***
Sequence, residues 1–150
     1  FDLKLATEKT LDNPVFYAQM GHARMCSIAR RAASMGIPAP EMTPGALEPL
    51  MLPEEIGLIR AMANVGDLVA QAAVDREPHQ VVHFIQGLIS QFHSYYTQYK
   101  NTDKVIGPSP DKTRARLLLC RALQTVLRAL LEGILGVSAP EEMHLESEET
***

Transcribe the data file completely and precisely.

Sequence, residues 1–150
     1  FDLKLATEKT LDNPVFYAQM GHARMCSIAR RAASMGIPAP EMTPGALEPL
    51  MLPEEIGLIR AMANVGDLVA QAAVDREPHQ VVHFIQGLIS QFHSYYTQYK
   101  NTDKVIGPSP DKTRARLLLC RALQTVLRAL LEGILGVSAP EEMHLESEET